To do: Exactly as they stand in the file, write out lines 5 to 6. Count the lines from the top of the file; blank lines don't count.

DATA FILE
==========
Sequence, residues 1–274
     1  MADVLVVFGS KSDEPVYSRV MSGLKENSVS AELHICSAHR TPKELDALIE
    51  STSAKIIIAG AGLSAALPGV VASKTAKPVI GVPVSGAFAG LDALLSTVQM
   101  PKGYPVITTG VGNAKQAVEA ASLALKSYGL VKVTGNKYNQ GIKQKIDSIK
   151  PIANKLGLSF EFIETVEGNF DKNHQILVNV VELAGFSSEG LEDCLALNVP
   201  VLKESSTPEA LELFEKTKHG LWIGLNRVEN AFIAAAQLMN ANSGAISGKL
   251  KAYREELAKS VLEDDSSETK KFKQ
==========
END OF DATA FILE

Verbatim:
   151  PIANKLGLSF EFIETVEGNF DKNHQILVNV VELAGFSSEG LEDCLALNVP
   201  VLKESSTPEA LELFEKTKHG LWIGLNRVEN AFIAAAQLMN ANSGAISGKL